ken macmillan on benevolent conquest and the ideology of english expansion


Ken MacMillan, ‘Benign and Benevolent Conquest?: The Ideology of Elizabethan Atlantic Expansion Revisited’, Early American Studies: An Interdisciplinary Journal 9, 1 (2011).

This essay revisits the language of conquest in metropolitan writings advocating Elizabethan Atlantic expansion. It argues that contrary to the belligerent connotations scholars usually attach to the word conquest, in Elizabethan England it was a term used in a benign and benevolent manner that fit within humanist goals for a noble, peaceful, and long-term relationship with both the people and land of America. By the early seventeenth century, however, this idea of benign conquest was overshadowed by factors such as the example of Spanish conquest in the New World, which tainted the English benign usage, and the transition from theory in the Elizabethan age to practice under the early Stuarts, which showed that the American natives were not willing to accept English presence on the benevolent terms anticipated by English humanists. Another factor that led to the decline in the language of benign conquest was the formulation of the “conquest doctrine” in the law of nations, which gave the term an exclusively belligerent connotation. Owing to these various factors, by the time the permanent English empire in America was established, the idea of benign conquest no longer had a place in domestic, colonial, or supranational discourse.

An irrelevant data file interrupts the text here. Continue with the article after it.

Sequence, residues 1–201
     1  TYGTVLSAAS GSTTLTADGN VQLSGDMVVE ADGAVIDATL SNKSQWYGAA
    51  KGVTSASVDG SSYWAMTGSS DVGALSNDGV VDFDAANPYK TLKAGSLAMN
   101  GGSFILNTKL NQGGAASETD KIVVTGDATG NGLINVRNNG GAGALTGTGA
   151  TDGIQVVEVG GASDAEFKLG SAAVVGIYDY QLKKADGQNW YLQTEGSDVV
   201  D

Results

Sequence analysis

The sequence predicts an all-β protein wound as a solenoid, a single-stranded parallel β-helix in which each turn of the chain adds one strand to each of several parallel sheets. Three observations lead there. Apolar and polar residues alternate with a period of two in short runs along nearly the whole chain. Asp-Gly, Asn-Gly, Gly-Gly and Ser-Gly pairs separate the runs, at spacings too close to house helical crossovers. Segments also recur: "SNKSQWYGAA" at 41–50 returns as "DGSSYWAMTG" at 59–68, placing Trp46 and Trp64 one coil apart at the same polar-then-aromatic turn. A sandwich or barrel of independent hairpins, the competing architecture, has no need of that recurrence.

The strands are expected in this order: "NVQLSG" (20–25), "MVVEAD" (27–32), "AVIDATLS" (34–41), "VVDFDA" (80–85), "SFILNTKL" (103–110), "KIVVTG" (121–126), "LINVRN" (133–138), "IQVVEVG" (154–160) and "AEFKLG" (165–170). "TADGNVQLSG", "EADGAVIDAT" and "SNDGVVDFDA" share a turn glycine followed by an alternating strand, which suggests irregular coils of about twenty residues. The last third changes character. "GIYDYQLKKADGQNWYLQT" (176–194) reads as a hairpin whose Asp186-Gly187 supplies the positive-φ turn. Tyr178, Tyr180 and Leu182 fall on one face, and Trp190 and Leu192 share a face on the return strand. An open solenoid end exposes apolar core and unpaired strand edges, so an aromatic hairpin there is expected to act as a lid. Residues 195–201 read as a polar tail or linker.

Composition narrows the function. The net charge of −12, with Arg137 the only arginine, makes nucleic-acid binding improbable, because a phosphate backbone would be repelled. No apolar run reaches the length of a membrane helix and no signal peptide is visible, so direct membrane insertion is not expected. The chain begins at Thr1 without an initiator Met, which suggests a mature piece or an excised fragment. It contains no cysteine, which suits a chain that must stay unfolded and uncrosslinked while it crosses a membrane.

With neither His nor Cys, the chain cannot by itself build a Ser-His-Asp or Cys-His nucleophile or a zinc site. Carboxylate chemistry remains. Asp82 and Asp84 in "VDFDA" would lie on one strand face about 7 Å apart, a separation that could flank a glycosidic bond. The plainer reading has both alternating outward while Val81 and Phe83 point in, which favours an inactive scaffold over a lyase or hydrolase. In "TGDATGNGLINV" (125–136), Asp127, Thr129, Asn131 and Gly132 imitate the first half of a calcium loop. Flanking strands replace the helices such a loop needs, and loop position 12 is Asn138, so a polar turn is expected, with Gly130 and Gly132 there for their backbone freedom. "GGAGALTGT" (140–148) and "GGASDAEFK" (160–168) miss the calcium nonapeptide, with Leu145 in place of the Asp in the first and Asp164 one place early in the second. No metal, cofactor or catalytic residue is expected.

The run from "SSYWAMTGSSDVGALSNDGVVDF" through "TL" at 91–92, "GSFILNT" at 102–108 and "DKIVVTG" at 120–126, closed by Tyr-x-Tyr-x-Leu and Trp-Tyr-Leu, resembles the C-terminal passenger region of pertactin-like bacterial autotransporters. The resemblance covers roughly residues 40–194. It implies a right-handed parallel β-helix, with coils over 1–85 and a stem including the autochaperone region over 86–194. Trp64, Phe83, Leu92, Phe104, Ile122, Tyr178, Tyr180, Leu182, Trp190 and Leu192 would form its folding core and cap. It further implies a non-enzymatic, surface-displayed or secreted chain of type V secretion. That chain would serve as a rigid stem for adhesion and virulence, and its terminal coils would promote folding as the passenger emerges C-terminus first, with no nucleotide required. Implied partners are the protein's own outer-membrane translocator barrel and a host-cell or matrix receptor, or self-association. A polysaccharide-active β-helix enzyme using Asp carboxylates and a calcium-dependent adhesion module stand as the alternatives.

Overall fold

Keywords:Elizabethan Atlantic expansion, conquest doctrine, benign conquest, Ken MacMillan, Humphrey Gilbert, Walter Ralegh, Richard Hakluyt, Alberico Gentili, English colonialism

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